Trends come and go. When it comes to your home, however, you’ll want something that lasts you a long time. That’s why if you’re going to jump on a trend, try to make sure it fits you and the people you live with. This is why being able to tell an actual trend and a fad can help save you on unnecessary spending. While fads are normally hype-driven, trends arise as alternatives or developments of the status quo. Given this, let’s take a look at some architecture trends to consider for your new home.
While there are several trends to be looked into, we wanted to look at the core rationale behind each one. As a result, we found that there are 3 general themes with these trends: blurred boundaries, personal sanctuaries, and sustainability.
The open space concept has been around long before Google made it cool. American architect Frank Lloyd Wright designed open space homes and offices in the early 20th century. His designs had openness and freedom in mind. (Vox has an excellent video on this.)
Today’s open spaces have communication, collaboration, and cost-minimization in mind. This minimalism-inspired approach to borders makes spaces more flexible while minimizing costs on partitions. In addition to this, open spaces can help increase resale value because buyers won’t have to demolish existing structures when renovating.
Besides minimizing the need for borders, they give a sense of wholeness to a space. The lack of obstructions creates a feeling of spaciousness. In a home setting, it means spaces are more flexible. Here’s one example: while the kitchen was once hidden away, it’s now become a space of spectacle. For people who can cook, they can now entertain guests while preparing meals for them.
Of course, the more introverted might not like this setup. While having a living room, dining room, and kitchen that are seamless might seem appealing, privacy takes a hit. Some people might want their partitions between spaces for privacy and so that they can focus on their activities. While it might work for people who live alone, people who live others should think about it thoroughly.
Overall, the open space trend in architecture has a fair mix of pros and cons. It maximizes the feeling of space in a home and provides a sense of free-flowing wholeness. However, the tradeoff is that there can be less privacy within a home.
For some people, a home should be more than a shelter. It should be one’s abode, one’s space, and one’s domain. Because of this, people craft their homes to fit their lifestyle. As a result, we see people bring gyms, yoga studios, and spas home.
Things like an MMA cage or a sauna at home might seem (awesome but) excessive, the driving force behind these is wellness. It’s all about being able to care for one’s well being at home. While they might seem expensive at first, there are more economical options to help save in the long run.
Those concerned with fitness can get exercise machines or free weights. The more combat-oriented can hook up a punching bag. Meanwhile, the more peace-loving can invest in a yoga mat. Those who regularly get stiff muscles might like to invest in a massage chair. One doesn’t necessarily have to dedicate a whole room to the activity off the bat. However, it’s something to be considered depending on interest, budget, and practicality.
Going to a commercial gym or yoga studio is a great way to get started on personal fitness. They aren’t threatened by this trend in the least because the point is not to supplant them but to decrease dependence on them. Meanwhile, having a spa-like bathroom might not be able to substitute a real trip to a spa. However, it’s good to be able to relax in one’s home.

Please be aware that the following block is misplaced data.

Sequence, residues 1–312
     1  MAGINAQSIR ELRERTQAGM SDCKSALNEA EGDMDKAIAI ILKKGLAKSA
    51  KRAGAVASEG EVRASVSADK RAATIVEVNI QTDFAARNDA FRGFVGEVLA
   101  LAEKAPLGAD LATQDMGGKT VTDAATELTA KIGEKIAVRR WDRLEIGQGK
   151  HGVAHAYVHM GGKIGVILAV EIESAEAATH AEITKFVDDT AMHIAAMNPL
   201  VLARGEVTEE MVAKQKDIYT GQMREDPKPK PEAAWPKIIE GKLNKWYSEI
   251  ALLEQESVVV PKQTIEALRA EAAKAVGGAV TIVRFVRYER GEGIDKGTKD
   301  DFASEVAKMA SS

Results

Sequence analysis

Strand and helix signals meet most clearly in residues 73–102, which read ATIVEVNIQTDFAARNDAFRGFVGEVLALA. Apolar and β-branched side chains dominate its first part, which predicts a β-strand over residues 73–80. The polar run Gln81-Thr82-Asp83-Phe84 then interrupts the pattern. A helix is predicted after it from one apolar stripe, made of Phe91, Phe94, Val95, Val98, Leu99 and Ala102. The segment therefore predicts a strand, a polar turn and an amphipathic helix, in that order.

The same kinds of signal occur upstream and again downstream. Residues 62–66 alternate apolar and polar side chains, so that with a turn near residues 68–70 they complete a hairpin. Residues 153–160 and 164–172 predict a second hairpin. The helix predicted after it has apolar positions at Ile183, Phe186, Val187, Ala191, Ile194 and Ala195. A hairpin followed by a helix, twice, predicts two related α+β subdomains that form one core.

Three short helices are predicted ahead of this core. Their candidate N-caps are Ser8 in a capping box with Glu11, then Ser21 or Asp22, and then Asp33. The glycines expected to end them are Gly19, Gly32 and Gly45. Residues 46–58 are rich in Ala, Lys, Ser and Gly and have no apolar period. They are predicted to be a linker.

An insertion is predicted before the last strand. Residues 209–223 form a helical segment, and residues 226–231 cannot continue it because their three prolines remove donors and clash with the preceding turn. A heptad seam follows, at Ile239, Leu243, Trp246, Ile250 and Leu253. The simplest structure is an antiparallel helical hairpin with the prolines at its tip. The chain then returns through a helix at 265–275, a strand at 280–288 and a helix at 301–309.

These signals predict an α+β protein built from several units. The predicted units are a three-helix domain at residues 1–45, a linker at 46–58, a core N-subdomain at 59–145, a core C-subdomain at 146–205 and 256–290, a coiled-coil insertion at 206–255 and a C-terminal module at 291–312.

Climate change is real. There’s no denying that. As a response, individuals and institutions have committed to sustainable practices. Even those in the architecture world have taken up the cudgels in doing their part to save the planet.
For one, the Philippines is holding a 3-year (2017 – 2019) learning program called “Arkitektura” on holistic approaches to architecture and environment. This movement can be called “organic architecture” which factors in the environment. Influential members of the movement include the aforementioned Frank Lloyd Wright as well as Antoni Gaudi and Rudolf Steiner.
Organic architecture involves the use of sustainable materials to reduce carbon footprint while creating a feeling of vitality. In contrast to industrial materials that give a manufactured feeling, this movement is about creating a sense of relationship with Earth itself.
Meanwhile, other architects have taken a “back-to-basics” approach in hopes of reducing the dependency on air conditioning in Asia. Called “bioclimatic architecture,” these are homes that rely on local factors and design to create comfy indoor environments. While many Filipinos love imitating Western designs, this Asia-based movement could take root soon.
All in all, the trends in architecture show that people are trying to find a sense of wholeness. With urban living forcing us into boxes like cubicles or the MRT, we try to look for spaces we are wholly free to be ourselves. This can explain why people try to create the home as that space of freedom. It manifests in things like the desire for open spaces free from obstruction and definition. Personal sanctuaries at home reflect the desire to create a place to call one’s own. Finally, the trend for sustainability shows an increasing consciousness as parts of a greater whole that is nature.
However you want to try these trends, we hope it becomes a space that’s perfect for you. At the end of the day, how you shape your house (or condo, or townhouse) makes it a home. Finding the property is easy. All that’s left is to make it the perfect home for you.